The enjoyment of our dinner was enhanced by young Colonel Aleck Chalmers, one of Forrest's regimental commanders. He was a handsome young fellow, as gallant as he looked, and full of a sense of humor. He described for our great amusement the descent of his command upon the Gayoso House at Memphis. At dawn of the morning, they rode right into the great hall at the office, dismounted there, and clattered up the broad stairway to the corridors above, where they found the first class boarders, officers and their families. He said: "We went along the hall knocking at the doors with our sabres or pistol butts. The doors would fly open and the occupants of the beds come forth accoutered as they were. Sometimes it would be a man, sometimes a woman, sometimes both, and all in appropriate costume. One beautiful young lady sprang from her bed, threw her arms around my neck, and begged 'For God's sake, sir, don't kill me!' 'Not for worlds, madam' said I, returning tenderly her embrace." Which he illustrated with the proper gestures. He was a fine young fellow, and survived the war, to die after of the swamp fever of the country.
General Frank Armstrong was much with Forrest, and was an able cavalry commander, one of the very ablest in the Confederate service. He says Forrest was never disconcerted by any event in battle. On one occasion Forrest, with Armstrong's and Starnes' brigades, was operating in Tennessee against Gordon Granger's command. Armstrong was in front, with his skirmishes pressing Granger's skirmish line, when two couriers came galloping from the rear, yelling at the tops of their voices, "General Forrest! General Stanley has cut in behind you, has attacked Starnes' brigade, has captured the rear guard battery, and is right in Armstrong's rear!" Forrest immediately shouted so that all could hear him, "You say he is in Armstrong's rear, do you? Damn him! That's just where I have been trying to get him all day, and I'll be in his rear directly. Face your battle lines about! Armstrong, push your skirmishers forward -- crowd 'em both ways! I'm going to Starnes. You'll hear from me in about five minutes!"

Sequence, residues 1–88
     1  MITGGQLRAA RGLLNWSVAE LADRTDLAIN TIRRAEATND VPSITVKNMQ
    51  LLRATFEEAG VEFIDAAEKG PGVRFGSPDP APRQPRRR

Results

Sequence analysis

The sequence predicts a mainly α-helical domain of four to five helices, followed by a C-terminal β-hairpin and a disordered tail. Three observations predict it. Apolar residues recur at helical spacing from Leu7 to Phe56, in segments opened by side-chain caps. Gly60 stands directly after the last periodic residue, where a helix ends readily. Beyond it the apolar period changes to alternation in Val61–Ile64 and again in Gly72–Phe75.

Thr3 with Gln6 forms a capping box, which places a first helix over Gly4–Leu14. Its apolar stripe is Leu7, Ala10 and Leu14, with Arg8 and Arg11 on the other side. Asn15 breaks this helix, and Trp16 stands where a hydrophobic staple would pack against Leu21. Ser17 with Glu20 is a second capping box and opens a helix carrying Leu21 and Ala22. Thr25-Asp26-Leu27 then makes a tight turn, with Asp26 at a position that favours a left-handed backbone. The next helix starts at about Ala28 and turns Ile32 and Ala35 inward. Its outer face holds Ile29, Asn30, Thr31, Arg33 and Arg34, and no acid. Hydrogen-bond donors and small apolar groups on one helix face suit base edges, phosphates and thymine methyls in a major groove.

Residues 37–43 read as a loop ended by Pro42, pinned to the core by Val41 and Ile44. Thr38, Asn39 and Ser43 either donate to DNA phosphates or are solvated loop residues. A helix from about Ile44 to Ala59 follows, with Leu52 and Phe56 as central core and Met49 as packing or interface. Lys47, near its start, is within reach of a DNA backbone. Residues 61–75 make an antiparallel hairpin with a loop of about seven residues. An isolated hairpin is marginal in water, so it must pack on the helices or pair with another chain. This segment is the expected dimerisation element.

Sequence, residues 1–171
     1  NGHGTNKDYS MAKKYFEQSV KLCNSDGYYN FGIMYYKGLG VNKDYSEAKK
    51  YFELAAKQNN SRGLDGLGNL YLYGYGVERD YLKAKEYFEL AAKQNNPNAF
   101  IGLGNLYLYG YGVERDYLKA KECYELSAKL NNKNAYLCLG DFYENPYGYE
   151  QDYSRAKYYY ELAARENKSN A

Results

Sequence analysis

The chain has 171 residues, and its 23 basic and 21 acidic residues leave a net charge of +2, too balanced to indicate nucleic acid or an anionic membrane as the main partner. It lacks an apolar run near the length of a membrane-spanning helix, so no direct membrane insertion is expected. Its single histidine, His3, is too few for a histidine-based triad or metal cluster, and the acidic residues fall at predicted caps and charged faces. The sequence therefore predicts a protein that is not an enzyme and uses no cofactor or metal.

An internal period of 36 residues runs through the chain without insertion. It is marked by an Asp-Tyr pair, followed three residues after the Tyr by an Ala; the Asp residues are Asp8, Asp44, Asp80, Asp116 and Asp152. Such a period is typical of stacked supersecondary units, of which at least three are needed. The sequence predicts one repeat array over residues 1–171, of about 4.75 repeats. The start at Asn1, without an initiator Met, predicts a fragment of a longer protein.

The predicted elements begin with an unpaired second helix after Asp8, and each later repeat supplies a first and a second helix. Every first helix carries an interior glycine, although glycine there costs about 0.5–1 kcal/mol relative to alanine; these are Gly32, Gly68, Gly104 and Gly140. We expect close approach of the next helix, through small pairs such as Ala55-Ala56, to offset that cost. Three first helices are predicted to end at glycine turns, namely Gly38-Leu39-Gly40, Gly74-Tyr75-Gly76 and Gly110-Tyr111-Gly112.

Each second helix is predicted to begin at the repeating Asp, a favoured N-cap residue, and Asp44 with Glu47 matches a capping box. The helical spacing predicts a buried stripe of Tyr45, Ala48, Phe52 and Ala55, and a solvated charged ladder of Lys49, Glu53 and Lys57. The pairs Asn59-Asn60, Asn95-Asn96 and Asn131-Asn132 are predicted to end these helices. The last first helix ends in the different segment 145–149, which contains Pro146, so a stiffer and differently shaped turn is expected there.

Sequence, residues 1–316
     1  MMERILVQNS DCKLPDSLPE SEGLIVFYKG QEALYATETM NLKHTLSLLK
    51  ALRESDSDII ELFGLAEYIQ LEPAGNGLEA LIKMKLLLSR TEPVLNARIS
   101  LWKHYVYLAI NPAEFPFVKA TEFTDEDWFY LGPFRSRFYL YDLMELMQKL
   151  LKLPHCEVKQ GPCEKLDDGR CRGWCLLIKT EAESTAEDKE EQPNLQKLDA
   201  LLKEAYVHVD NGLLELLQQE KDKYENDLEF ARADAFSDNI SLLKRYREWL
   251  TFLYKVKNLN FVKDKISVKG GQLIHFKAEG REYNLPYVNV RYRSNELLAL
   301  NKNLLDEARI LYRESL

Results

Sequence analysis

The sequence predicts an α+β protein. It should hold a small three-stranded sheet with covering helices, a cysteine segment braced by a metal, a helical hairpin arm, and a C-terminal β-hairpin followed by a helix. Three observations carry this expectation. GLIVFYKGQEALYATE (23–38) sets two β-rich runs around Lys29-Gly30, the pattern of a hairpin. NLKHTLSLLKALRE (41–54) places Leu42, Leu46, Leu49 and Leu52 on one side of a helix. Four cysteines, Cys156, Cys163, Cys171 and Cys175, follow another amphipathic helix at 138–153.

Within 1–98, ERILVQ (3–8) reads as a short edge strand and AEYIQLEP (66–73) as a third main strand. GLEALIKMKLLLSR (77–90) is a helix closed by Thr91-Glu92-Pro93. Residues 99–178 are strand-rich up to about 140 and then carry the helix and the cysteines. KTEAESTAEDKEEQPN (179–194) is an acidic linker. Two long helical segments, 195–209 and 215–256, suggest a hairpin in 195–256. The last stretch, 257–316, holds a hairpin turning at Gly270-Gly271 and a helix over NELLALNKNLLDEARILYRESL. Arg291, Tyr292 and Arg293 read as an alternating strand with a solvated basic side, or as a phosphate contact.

Off he dashed with his bodyguard, and in a few minutes loud cheering was heard. He recaptured the battery, recovered all of the prisoners lost by Starnes, and captured a large number of the enemy, driving his forces back. To this day Armstrong's men believe Forrest had laid a trap for the Federals, into which they fell; whereas Forrest was as near frightened as he could be in battle, and Armstrong believed "they were all gone up."
Forrest knew nothing about tactics -- could not drill a company. When first ordered to have his brigade ready for review, he was quite ignorant, but Armstrong told him what commands to give, and what to do with himself. He had an excellent memory, -- remembered everything exactly, -- and was so pleased with his success that he often afterwards had reviews.
I once asked him about the charge so often preferred against him of the murder of his prisoners at Fort Pillow. He said the negroes brought it all upon themselves; that after the white flag had been raised, and while it was flying, they continued to shoot his men, who, much infuriated, shot the negroes; that he stopped it as soon as he could, but not before many had been shot. It created a great terror of him ever after among the negro troops. He knew this and, as in the case of the Dutch colonel, he used it as a caution against resistance, and an incentive to prompt surrender when dealing with the commanders of negro troops.
Sometimes, on the eve of a battle, convalescents and released prisoners would join him and he would say, "I have no arms for you yet, but fall in here behind, and you shall have plenty of good Yankee arms presently." He told me he had twenty eight horses shot under him. He was shot only three times, which is quite remarkable when we remember how many battles he fought, and how he continually exposed himself to danger.
In his last fight at Selma, he was in the telegraph office with General Dan Adams, when a little boy came running in and said, "The Yankees are coming!" They ran to their horses, which we tied to the fence. The enemy, led by a big yellow haired Dutchman, were close upon them. Forrest said: "Dan Adams was on a smart horse and got off. The big Dutchman closed upon me, and had a smarter horse than mine, and he kept cutting me over the head and arms with his sword, which wasn't sharp, but it made me mighty mad, and I kept dodging it, for my pistol got hitched, and I could not get it out till he had hit me several times. When I did draw it, I dropped my reins, caught him by his long hair, and fired two loads right into him!"
One evening we were sitting together in the veranda of my headquarters at Meridian, when his bodyguard came by on their way to water. I said, "General Forrest, that is a fine troop of men and horses." "Yes, it is; and that captain is the eighth captain who has commanded it. The other seven have all been killed in battle!" Such was the influence of his success and fame, that there were always daring applicants for vacancies in Forrest's bodyguard.